I beg to move, in page 12, line 39, to leave out from "damage," to "then," in line 40.
The hon. and gallant Gentleman the Member for New Forest (Major Mills) raised a question on Second Reading of which I would remind hon. Members. He asked whether powers would be taken to base contributions on some up-to-date assessment, and called attention to the fact that many properties have changed hands since 3rd September, 1939, which is the basic date for war damage contribution, and that Schedule A assessments have been altered in consequence, in some cases upwards, and in some cases downwards. The Attorney-General, in reply, said it would be quite wrong if the contribution went up and down according to the fluctuations of valuation during the war because they were capital contributions in respect of the property at risk during the war period. Now the effect of Subsection (2) of Section 30 of the Act is to raise the contribution where a higher Schedule A assessment is made by reason of an alteration in the condition of the land through improving it, or building upon it or, as far as may be seen from the wording of the Section, through any cause at all, which, I presume, covers, for example, the natural growth of trees and shrubs and the prolonged or repeated efforts of a gardener, or a house painter. Therefore, in spite of what the right hon. and learned Gentleman said about the evil of contributions going up and down during the war, here we have cases where they go up.
I come now to paragraph 10 of the First Schedule of the present Bill. Here it is recognised that where the condition of the land has altered otherwise than through war damage—and I make no complaint about the words "otherwise than through war damage" and—these are the words which I propose to leave out—"by the destruction or demolition of buildings or works or parts thereof," and a new and lower Schedule A assessment is made, that new assessment may form the basis of War Damage Contribution as from this year. So now we have cases also in which the contributions go down. They appear to be a class rather more restricted than the class in which contributions go up. The purpose of my Amendment is to remove that restriction and admit of a lower Schedule A assessment being obtained and hence a lower contribution charged when the condition of the property has deteriorated through any cause other than war damage. That would appear to be fair and equitable. I cannot see the justification for differentiating between properties which are improved through any cause and properties which deteriorate through any cause. I cannot see why if property owners always pay more for improvements they should only sometimes pay less for the reverse, and indeed, the reverse is very often beyond their control.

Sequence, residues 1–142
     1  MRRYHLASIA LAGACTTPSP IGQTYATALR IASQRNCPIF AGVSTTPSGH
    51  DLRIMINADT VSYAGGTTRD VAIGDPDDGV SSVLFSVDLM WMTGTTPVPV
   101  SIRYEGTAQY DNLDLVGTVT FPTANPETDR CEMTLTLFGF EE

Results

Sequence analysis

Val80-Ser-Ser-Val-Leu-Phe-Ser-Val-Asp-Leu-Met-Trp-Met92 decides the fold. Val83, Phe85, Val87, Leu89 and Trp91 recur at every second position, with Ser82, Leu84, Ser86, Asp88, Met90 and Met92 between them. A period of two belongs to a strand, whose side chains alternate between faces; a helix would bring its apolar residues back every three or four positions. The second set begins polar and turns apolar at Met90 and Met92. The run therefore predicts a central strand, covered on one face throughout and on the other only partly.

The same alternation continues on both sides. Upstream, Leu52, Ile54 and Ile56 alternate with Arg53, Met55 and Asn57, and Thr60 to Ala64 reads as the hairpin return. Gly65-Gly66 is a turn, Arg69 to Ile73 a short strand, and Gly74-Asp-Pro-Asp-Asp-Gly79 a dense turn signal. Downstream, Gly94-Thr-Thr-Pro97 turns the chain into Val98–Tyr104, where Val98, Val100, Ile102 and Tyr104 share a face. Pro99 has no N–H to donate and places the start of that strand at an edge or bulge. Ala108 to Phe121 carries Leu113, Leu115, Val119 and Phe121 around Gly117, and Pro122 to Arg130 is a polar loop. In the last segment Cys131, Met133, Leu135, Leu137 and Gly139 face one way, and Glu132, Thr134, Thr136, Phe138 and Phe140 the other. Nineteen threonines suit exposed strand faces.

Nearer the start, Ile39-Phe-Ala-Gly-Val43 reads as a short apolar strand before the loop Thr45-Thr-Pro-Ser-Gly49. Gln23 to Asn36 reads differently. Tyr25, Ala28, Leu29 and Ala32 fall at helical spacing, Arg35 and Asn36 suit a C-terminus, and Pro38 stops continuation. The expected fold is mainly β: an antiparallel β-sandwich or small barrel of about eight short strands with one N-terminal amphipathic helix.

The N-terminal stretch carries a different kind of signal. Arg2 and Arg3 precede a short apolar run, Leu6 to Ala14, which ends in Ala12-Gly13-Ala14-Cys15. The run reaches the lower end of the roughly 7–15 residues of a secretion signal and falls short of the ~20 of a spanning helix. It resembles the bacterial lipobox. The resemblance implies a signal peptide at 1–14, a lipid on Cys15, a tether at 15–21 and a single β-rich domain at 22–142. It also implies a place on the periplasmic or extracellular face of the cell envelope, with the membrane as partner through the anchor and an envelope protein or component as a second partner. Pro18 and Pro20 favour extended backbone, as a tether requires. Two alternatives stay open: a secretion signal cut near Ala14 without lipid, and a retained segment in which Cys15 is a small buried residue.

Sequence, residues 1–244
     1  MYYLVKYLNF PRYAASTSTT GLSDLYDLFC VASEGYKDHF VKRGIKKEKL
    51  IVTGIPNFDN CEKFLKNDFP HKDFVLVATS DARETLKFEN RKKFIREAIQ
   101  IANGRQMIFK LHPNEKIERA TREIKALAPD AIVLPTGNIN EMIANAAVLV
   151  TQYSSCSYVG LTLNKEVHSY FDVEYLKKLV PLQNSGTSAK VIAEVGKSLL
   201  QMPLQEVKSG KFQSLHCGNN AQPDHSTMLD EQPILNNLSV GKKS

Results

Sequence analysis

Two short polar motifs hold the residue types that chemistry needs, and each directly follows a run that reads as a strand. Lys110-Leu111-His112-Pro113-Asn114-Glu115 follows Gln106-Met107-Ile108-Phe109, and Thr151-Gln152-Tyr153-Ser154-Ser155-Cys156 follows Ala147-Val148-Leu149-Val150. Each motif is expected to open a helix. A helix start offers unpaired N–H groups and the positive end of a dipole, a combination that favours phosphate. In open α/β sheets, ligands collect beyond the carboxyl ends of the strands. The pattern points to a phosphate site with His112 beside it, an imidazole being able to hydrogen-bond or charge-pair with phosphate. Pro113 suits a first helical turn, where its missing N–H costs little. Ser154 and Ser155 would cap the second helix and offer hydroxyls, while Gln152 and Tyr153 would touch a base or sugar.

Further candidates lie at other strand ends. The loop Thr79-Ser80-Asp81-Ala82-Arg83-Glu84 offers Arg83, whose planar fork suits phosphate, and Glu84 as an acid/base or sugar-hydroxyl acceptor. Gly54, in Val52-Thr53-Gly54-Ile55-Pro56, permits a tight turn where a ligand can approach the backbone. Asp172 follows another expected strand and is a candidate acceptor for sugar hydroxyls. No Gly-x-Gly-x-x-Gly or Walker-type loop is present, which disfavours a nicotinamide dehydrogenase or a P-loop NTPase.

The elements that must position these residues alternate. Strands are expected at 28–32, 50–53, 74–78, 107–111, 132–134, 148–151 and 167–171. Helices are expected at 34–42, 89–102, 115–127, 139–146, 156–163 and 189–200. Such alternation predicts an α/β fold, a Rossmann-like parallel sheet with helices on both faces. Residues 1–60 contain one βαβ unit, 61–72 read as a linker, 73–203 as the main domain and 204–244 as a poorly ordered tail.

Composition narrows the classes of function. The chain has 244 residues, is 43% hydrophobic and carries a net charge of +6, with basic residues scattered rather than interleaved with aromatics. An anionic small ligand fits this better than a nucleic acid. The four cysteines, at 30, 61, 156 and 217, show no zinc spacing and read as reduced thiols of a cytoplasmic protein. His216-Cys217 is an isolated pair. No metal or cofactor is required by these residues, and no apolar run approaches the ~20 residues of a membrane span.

I will give the right hon. and learned Gentleman and the House one actual example, which, I believe, is typical of many. One out of a row of houses, exactly the same, except for the colour of the paint, was let for profit in 1939–40. The Schedule A assessment and the war damage contribution were doubled. Subsequently the letting terminates and the Schedule A assessment reverts to normal, that is, to the same as for each house in the row, but the War Damage Contribution remains at the doubled figure and it will continue to do so unless this House alters the Act, or unless the owner takes advantage of this Clause and notes the words which the Attorney-General used in explaining it. He said, on the Committee stage, that it was designed to cover cases in which the actual physical configuration of the structure had been altered by fire, demolition or some other cause since the outbreak of war. It must be very far from the intention of the House that householders in the sort of predicament which I have outlined should bring their minds to bear on what may be done under this provision to secure a reduction in contribution. I can foresee a whole series of most undignified actions being resorted to by frustrated and bewildered householders up and down the country. How much better it would be to obtain a new assessment and quietly and reasonably to proffer it, claiming an alteration in the condition of the property through natural depreciation, for example, in order to secure a reduction to an appropriate, normal and justifiable War Damage Contribution. I hope my right hon. Friend will give sympathetic consideration to this Amendment. I will ask leave to withdraw it, if he can suggest some more suitable means of righting this particular piece of injustice and removing the general anomaly which exists under the principal Act at present and as amended hitherto by this Bill.